Well, someone in his state doesn't like the fact that the governor rejected money meant for him (to me, there's nothing altruistic about rejecting a gift, grant, or charity meant for someone else... in fact, it's rather dickish), and called him up when he was on a radio show and told him that he needed that help.
The governor reacted by saying that he'll pray for this man.
Text and more after the jump.
On C-SPAN's Washington Journal this morning, Sanford received a call from a Charleston resident who said he lost his job because he has been taking care of mother and sister, both of whom have serious illnesses. The caller told Sanford he is "wrong" to decline the money. "A lot of people in South Carolina are hurting. And if this money can come and help us out we need it." In response, Sanford could offer him only his prayers:
CALLER: I hope you all are not playing politics with this. People in South Carolina are hurting. You know how unemployment rates are high right now and going up higher. We are running out of money in the unemployment bank -- we need money for that, the people that need help. And I'm one of them, I can't get no help. [...]
SANFORD: Well I'd say hello to Charleston because its home and I'd say hello to this fellow this morning and say that my prayers are going to be with him and his family because it sounds like he is in an awfully tough spot.
It's pretty bizarre, when you really think about it, that free-market fetishists and Christian fundamentalists allied for so long in the Republican Party. The ideal of the free market is no rules, which comes from their inability to see any value other than greed as worthy of being pursued by the government, or people at all. This would seem to be at odds with Christianity, which is laced with universal statements of value and morality. Other than the fact that both ideologies stem from a dogmatic, fundamentalist mentality (I'm referring to the Religious Right here, not Christians in general), there isn't much they have in common. And yet they've worked together in the GOP and continue to work together.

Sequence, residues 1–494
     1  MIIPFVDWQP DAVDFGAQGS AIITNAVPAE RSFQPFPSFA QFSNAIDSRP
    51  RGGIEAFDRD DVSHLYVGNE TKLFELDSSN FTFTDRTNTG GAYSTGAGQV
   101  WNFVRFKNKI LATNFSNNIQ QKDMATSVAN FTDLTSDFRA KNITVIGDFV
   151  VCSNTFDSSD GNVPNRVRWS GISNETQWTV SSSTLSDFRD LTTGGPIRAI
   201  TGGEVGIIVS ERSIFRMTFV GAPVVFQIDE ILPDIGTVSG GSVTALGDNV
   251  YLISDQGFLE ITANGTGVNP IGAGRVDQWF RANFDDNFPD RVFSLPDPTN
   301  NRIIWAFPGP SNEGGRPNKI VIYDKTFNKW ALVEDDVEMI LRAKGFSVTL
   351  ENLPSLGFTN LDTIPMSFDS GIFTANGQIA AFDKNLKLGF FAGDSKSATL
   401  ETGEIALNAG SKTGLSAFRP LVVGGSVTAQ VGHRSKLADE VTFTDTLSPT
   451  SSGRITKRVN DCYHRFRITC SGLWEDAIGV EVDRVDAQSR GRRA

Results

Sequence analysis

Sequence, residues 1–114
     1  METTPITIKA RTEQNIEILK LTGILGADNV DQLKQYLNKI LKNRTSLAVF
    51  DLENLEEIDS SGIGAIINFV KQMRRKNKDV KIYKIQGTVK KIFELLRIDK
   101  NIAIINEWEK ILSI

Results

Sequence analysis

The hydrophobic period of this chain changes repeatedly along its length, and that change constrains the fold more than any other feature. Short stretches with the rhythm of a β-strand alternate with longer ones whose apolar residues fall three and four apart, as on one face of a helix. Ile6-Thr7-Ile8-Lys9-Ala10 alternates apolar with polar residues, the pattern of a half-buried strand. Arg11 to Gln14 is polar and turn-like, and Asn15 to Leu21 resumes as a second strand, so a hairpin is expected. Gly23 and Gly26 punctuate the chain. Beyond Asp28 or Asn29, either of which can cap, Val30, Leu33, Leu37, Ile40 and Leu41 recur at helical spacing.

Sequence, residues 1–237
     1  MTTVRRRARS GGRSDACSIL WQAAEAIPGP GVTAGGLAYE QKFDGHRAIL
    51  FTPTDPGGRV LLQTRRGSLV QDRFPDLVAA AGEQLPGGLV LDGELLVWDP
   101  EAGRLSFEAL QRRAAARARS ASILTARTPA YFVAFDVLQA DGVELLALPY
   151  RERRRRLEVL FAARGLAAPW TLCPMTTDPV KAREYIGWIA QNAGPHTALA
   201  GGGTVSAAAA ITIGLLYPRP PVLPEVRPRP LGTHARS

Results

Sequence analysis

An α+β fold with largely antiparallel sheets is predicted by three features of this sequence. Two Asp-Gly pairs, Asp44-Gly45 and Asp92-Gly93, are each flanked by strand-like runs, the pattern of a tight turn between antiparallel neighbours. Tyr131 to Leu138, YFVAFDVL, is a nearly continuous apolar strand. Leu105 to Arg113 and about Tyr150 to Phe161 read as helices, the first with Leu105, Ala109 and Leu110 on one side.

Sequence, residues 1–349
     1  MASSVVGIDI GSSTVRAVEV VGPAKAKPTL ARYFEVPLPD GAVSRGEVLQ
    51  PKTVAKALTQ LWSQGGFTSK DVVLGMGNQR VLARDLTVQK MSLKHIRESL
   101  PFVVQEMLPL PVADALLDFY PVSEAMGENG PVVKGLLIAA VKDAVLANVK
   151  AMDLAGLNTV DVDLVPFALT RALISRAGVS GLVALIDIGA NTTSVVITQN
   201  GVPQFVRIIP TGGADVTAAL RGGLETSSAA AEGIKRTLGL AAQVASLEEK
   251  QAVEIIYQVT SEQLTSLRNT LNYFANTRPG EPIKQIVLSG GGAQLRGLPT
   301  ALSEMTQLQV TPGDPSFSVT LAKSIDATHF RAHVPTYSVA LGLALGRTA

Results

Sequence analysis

But this video makes one of the reasons all too clear - they know that free market absolutism means that lots and lots of people are going to suffer. And so they can just try to distract and rub away the suffering with Christianity, a cold, self-serving reading of Christianity that says that people who are poor deserve to be poor and that prayer will solve people's problems. If it doesn't, it means that you're just not praying hard enough.
It sure seems like Sanford is putting ideology ahead of the good of the people. Either that or he really just hates poor folks who have to take time off work to care for their sick mothers and sisters.
(The title comes from Sanford's statement earlier last week that we shouldn't move to a savior-based economy, which for him meant that people get helped by the government when times are tough. But it sure seems like he's counting on a different savior.)